Create a directory to store your third-party libraries, such as
lib/. Then use
pip installto install the libraries into the directory. For example:
pip install -t lib -r requirements.txt
appengine_config.pyfile in the same folder as your
app.yamlfile. Add the following to your
# appengine_config.py import pkg_resources from google.appengine.ext import vendor # Set path to your libraries folder. path = 'lib' # Add libraries installed in the path folder. vendor.add(path) # Add libraries to pkg_resources working set to find the distribution. pkg_resources.working_set.add_entry(path)
appengine_config.pyfile in the preceding example assumes that the the
libfolder is located in the current working directory. If you can't guarantee that
libwill always be in the current working directory, specify the full path to the
libfolder. For example:
import os path = os.path.join(os.path.dirname(os.path.realpath(__file__)), 'lib')
For local development, we recommend that you install dependencies in a virtual environment such as virtualenv for Python 2.
AppEngineHandler to the Python logging module
In each file that writes log entries:
- Import the Cloud Logging client library.
- Instantiate the Cloud Logging client.
Retrieve the Cloud Logging handler that is appropriate for the current environment. When your app runs in App Engine, the Cloud Logging client retrieves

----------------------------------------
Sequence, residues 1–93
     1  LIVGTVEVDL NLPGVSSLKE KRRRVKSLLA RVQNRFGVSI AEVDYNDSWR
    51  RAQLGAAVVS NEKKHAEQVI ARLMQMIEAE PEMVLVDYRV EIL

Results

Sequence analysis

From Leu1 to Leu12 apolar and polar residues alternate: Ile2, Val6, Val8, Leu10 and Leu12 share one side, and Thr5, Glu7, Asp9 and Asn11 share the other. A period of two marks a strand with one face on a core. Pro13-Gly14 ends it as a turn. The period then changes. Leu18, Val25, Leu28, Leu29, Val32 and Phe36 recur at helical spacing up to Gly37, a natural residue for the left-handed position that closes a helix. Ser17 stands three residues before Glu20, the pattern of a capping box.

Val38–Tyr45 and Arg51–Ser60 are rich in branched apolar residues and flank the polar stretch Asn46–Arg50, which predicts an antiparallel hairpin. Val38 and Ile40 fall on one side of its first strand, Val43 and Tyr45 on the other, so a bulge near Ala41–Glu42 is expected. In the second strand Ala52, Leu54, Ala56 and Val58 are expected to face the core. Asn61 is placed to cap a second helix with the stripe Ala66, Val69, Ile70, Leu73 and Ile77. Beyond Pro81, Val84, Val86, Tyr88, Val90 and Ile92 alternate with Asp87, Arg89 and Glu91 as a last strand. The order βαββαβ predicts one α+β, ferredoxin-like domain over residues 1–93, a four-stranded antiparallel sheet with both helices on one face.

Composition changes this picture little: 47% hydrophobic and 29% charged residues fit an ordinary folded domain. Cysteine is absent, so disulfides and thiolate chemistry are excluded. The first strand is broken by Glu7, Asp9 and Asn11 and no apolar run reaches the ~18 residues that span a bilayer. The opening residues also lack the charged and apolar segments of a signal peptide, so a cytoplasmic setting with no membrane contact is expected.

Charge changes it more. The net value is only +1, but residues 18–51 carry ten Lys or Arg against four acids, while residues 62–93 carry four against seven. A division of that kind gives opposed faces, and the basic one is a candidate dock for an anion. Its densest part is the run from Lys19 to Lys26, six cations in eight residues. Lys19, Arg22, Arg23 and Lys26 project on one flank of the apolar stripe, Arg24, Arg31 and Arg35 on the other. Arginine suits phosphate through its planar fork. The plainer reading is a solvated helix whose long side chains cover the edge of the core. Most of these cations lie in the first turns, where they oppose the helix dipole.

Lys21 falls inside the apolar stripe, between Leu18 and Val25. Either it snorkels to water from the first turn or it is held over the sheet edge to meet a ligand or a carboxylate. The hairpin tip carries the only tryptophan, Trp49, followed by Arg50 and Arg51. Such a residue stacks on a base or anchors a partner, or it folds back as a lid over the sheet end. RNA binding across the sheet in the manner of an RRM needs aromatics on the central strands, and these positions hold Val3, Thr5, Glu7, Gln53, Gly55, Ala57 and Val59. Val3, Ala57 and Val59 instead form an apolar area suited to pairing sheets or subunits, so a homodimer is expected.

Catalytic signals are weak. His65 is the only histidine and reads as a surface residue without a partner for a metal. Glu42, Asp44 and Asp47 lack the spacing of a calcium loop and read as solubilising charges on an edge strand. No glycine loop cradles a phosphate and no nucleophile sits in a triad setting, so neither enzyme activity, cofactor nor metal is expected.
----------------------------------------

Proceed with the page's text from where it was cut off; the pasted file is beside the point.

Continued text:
AppEngineHandlerwill format the entries as a JSON object and provide the metadata needed to support filtering by severity and correlating your app's entries with request log entries.
Run the Cloud Logging client's
setup_logging()method, which attaches its default listener as the logging handler for the Python root logger.
# Imports the Cloud Logging client library import google.cloud.logging # Instantiates a client client = google.cloud.logging.Client() # Retrieves a Cloud Logging handler based on the environment # you're running in and integrates the handler with the # Python logging module. By default this captures all logs # at INFO level and higher client.get_default_handler() client.setup_logging()
Once the handler is attached, any logs at, by default,
INFO level or higher
which are emitted in your application will be sent to Logging:
# Imports Python standard library logging import logging # The data to log text = 'Hello, world!' # Emits the data using the standard logging module logging.warning(text)
Deploying your app
Once you are ready to deploy your app, you should:
The only way to test your updates and confirm that severity levels are assigned and app entries are correlated with request entries is to deploy your app to the Python 3 runtime.
If you deploy your updates to the Python 2 runtime, the App Engine logging service will listen for entries from the Python root logger and format them appropriately for the Logs Viewer.
If you run your app locally, Cloud Logging does not use
AppEngineHandler, and App Engine cannot write request entries.
View the Logs Viewer and confirm that severity levels are assigned to your app's entries. Expand a request entry and confirm that entries written by your app while it was processing the request appear nested below the request entry.
If the app runs without errors, use traffic splitting to slowly ramp up traffic for your updated app. Monitor the app closely for any issues before routing more traffic to the updated app.